Mercedes-Benz has just pulled the wraps off of a wild new concept car that was inspired by the 2009 movie Avatar called — what else? — the Mercedes-Benz Vision AVTR. Designed with help from Avatar director James Cameron, this car is not the sequel that Cameron has promised. Instead, the AVTR concept car is a mix of everything that the Consumer Electronics Show is known for: outlandish styling, far-off future tech, and a tie-in with a major entertainment property. Oh, and it has scales!
Yes, the entire rear end of the AVTR is covered in 33 discrete scales — or as Mercedes-Benz calls them, “bionic flaps” — that the company says could be used to communicate with people outside the car. It also has special spherical wheels that Mercedes-Benz says were inspired by the “seeds of the Tree of Souls” from 2009’s Avatar. These wheels can rotate so that the AVTR can move sideways, or even diagonally.https://volume.vox-cdn.com/embed/13db0473b?autoplay=false&placement=article&tracking=article:middle
Like all concept cars, the Vision AVTR is meant to tease out what it will be like to ride in a car of the future. And while the inside of the car is relatively sparse, Mercedes-Benz has a lot of ideas about what might be possible inside something like the AVTR.
THE AVTR CAR CAN MOVE SIDEWAYS AND DIAGONALLY
That starts with the lack of steering wheel. Since this futuristic car is obviously (theoretically) autonomous, there’s no need for one. Instead, passengers interact with the car through an oval-shaped controller that accordions up and out of the center console to meet your hand. Once your hand is on the controller, it (and the seats) can vibrate along with the pace of your breathing and heart rate. Ola Källenius, the chairman of Mercedes-Benz’s parent company Daimler, said on stage Monday night that it’s an example of how man and machine might “literally merge.”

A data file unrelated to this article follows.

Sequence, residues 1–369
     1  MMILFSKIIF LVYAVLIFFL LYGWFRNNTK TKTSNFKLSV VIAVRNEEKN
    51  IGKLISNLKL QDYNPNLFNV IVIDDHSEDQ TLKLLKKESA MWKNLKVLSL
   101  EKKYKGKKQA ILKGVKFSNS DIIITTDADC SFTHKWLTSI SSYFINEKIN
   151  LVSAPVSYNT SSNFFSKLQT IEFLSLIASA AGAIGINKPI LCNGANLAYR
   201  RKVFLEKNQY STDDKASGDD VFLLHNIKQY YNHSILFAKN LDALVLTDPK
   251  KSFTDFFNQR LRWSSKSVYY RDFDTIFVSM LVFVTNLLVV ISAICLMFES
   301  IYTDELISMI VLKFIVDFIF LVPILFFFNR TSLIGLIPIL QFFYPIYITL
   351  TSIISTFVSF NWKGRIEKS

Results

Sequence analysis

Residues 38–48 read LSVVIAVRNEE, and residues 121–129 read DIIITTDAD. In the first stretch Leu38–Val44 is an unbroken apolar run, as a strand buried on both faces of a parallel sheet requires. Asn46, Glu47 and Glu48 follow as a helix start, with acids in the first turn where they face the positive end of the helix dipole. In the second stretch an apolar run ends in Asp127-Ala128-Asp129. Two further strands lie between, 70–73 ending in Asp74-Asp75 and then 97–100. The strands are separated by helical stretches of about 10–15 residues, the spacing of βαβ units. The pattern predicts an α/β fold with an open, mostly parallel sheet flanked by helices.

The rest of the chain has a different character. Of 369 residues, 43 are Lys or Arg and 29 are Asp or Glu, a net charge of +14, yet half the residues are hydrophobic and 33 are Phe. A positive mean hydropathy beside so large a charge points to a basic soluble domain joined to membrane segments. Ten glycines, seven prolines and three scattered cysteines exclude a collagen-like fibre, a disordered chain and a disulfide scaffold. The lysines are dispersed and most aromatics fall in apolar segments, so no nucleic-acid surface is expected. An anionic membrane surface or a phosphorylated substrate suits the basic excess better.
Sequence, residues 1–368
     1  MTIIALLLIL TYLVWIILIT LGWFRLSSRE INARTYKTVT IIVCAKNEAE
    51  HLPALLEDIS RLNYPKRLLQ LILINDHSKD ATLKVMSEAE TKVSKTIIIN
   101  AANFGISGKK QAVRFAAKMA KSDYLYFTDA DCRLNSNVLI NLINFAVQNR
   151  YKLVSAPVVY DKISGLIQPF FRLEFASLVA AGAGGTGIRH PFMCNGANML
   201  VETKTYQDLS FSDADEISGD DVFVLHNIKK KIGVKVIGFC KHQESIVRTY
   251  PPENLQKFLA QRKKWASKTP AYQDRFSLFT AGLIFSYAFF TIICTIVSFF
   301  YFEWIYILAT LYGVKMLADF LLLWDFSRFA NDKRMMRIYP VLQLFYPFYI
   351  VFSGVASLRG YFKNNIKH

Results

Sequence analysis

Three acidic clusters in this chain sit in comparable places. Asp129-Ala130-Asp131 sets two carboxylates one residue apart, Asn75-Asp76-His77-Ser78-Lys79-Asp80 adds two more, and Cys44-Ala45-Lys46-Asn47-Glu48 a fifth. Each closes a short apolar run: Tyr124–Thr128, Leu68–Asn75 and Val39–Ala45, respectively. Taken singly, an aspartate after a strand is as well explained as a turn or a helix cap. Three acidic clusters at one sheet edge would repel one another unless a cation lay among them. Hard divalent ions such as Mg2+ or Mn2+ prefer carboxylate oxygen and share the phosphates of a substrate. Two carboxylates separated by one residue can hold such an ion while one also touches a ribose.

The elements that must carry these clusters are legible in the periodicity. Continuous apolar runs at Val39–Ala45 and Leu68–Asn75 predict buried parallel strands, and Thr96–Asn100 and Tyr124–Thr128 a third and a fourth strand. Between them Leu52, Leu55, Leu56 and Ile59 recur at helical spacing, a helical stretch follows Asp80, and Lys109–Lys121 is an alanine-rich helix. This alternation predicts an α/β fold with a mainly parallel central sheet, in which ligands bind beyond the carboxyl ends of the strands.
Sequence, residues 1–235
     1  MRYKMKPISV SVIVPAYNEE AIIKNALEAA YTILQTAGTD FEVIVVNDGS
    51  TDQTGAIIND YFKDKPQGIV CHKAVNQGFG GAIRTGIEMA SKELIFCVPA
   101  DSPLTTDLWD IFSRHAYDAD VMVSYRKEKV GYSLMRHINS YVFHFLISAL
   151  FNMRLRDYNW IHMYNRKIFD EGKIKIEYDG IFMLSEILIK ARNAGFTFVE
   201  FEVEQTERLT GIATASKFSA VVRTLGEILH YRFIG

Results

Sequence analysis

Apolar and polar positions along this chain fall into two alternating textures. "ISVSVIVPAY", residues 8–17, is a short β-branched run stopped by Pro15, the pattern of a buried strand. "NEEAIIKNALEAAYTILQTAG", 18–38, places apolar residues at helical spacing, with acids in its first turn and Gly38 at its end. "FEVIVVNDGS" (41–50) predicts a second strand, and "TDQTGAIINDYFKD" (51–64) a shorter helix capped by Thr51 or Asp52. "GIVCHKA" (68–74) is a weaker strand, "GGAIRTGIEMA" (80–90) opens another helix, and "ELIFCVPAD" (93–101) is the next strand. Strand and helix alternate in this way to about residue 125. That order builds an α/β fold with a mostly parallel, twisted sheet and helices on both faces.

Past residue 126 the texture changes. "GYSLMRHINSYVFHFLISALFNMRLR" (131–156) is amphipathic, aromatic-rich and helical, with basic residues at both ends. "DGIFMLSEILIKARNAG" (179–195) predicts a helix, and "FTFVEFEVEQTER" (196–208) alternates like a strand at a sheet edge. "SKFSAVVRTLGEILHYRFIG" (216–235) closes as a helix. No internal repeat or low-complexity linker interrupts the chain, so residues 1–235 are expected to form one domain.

To that end, Mercedes-Benz likens this — seriously — to how the Na’vi physically connect with their banshees in the 2009 movie Avatar. And once passengers start moving in the AVTR car, the sweeping display in front of them can light up with 3D graphics of Pandora, the fictional world from the 2009 film Avatar. After Cameron joined Källenius on stage, he agreed with the chairman’s claim. “We will merge,” Cameron said.
If flying solo through the world of Avatar isn’t your speed, Mercedes-Benz imagines the AVTR car will be able to detect when a family is on board and adapt automatically. The company didn’t go too deep into what kinds of family features it would surface, though it did say in its 23-page press release that parents will be able to monitor their children from the dashboard screen. Rejoice, as the burden of turning around to tell your kids to stop hitting each other is no more. And if children (or as Mercedes-Benz calls them in one instance in the press release, “inmates”) start feeling lonely, fear not, because there will be a light that mimics the breathing vibration to let them know they have not yet been abandoned by their parents. But that won’t be a problem in the first place, because back-seat riders will have access to learning-oriented gaming and a “child-friendly augmented reality experience.”
Mercedes-Benz also spent a lot of time on Monday night talking about how it designed the Vision AVTR with sustainability in mind. The concept car is “powered” by graphene-based organic battery cells that don’t require rare earth minerals, which the company says may one day be compostable, and the interior is made from recycled plastics and vegan leather. (It does not seem to employ any unobtanium, though.) Mercedes-Benz reps even said in a briefing that they believe the special spherical wheels would make less of an impact on the forest floor, should someone drive the AVTR there.
Mercedes-Benz is pushing this angle hard because, like the other major automakers, the company committed to a long-term goal of reducing its carbon footprint. It therefore sees something like AVTR as a literal and metaphorical vehicle for communicating those goals.
Photography by Vjeran Pavic / The Verge